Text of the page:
You will have to have registered with Ohio Means Jobs when you file your initial claim. You will also have to upload a resume to the site and keep it updated as a part of your ongoing job search requirements.
Your requirement may change during the weeks you are receiving benefits. The changes may include a change in your definition of suitable employment. You may be required to accept offers of employment for jobs that pay less than you made previously or in jobs in which you have no experience but you’re qualified to perform the duties.
You should keep a good record of your job search activities, especially the personal contacts you make. The state may ask for proof of your searches and applications at any time. Make note of the date you applied for work and any person you contacted directly.
Failure to make a good faith effort to find work may result in a denial of benefits. You would have to reopen your claim at a later date.
Reasons for Denial of Benefits
If you fail to earn enough in your base period or you didn’t work enough weeks during the base period, you will not be eligible to receive benefits. The ODJFS will mail you an official notice showing the determination of wages during the base period.
If you meet the wage requirement, the state will inquire about the reasons for separation from work. If you quit for a cause unrelated to work or personal reasons, the state will deny benefits. If your employer dismissed you for “misconduct,” the state will deny benefits.
Examples of disqualifying reasons to quit are generally easy to figure. If you just “got tired” of the job and quit, that’s a personal reason. If you quit because you couldn’t get afterschool care for a school-age child, that’s a reason unrelated to work, even though finding child care may be a “good cause” for you. The legal standard is a “good cause connected to the work.”
The “misconduct” standard is defined as some action or inaction showing a disregard for your employer’s interests. Repeated violations of a rule after receiving repeated warnings from your boss is a clear example of misconduct connected to work. Even a one-time violation may fit the definition of misconduct.
Quit and Still Eligible
Your employer may have done something or failed to do something to cause you to quit. The event or events had to leave you with virtually no other choice. You also have to have made a good faith effort to keep your job, like trying to work out a solution to the problem with your employer.
- Your employer forced you to work in unsafe conditions
- You were subject to harassment your employer knew about but failed to address it
- Your employer reduced your pay significantly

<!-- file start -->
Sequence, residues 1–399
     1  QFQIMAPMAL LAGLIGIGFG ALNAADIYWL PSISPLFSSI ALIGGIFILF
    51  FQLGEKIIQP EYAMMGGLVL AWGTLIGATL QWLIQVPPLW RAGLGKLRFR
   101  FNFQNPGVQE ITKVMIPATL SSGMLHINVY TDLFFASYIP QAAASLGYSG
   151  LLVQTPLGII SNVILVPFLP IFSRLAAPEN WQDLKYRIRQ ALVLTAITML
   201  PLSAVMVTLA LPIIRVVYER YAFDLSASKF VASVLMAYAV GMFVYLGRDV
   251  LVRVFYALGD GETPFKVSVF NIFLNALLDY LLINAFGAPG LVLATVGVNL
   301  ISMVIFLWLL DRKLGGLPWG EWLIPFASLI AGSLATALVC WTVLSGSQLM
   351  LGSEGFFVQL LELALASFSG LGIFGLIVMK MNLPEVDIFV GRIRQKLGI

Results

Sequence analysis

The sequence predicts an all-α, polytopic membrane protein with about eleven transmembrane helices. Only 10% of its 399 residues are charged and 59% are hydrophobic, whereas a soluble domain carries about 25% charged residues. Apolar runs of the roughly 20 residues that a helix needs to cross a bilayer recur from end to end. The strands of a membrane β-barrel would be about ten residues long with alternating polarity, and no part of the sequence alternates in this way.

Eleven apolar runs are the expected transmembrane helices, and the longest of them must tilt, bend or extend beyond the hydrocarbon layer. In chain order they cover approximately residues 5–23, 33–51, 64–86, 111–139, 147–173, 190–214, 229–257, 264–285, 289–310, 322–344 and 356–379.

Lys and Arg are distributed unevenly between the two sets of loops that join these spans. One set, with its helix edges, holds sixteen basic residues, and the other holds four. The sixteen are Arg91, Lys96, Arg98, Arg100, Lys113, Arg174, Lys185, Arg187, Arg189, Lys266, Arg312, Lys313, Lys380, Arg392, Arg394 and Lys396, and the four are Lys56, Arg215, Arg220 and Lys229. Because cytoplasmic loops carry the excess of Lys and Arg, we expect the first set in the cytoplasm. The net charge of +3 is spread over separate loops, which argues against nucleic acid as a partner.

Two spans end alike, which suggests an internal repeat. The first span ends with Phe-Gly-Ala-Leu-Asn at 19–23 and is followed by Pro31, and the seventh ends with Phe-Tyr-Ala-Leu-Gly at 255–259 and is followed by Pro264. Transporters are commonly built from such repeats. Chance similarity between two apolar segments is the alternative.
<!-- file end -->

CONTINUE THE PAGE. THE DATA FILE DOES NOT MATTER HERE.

- The business moved too far to make it reasonable for you to continue working
There are some exceptions to having to show good cause connected to the work. If you were forced to leave home because of a domestic violence concern, the state might not consider quitting to be voluntary.
Fired and Still Eligible
Certain actions that your employer considers good cause to dismiss you may not be “misconduct.” A one-time, minor violation of a policy may not be misconduct. Being late to work for reasons beyond your control may not be misconduct, even though that late arrival caused your employer to dismiss you.
Other Denial Issues
The ODJFS may deny benefits for reasons outside wage requirements or separation issues. The possibilities include, but aren’t limited to:
- Failing to perform a job search
- Refusing a reasonable job offer
- Failing to respond to an ODJFS request
What Happens When the State Denies Your Claim
You have the right to appeal any decision by the ODJFS. If you receive notification you’ve failed to meet wage requirements, or you believe the financial determination is in error, you may request a redetermination. You have 21-days from the mailing date of the determination to file your request. The department may change the decision or allow it to stand. They may also refer the issue to the Unemployment Compensation Review Commission. You must file in writing, and include the reasons for your request along with supporting documents.
You can appeal the redetermination to the UCRC, where your issue will receive a full hearing. You have 21-days from the mailing date of the redetermination to file this appeal. You may file the appeal online.
Ohio Department of Job and Family Services Director
Bureau of Unemployment Compensation Benefits
P.O. Box 182863
Columbus, OH 43218-2863
If you are denied benefits, please visit our section on appealing benefits decision in Ohio.
Here are some helpful resources for Ohio Unemployment:
Ohio Unemployment Benefits Website
About Unemployment Benefits Extensions
Ohio State University on Unemployment
Guide to filing online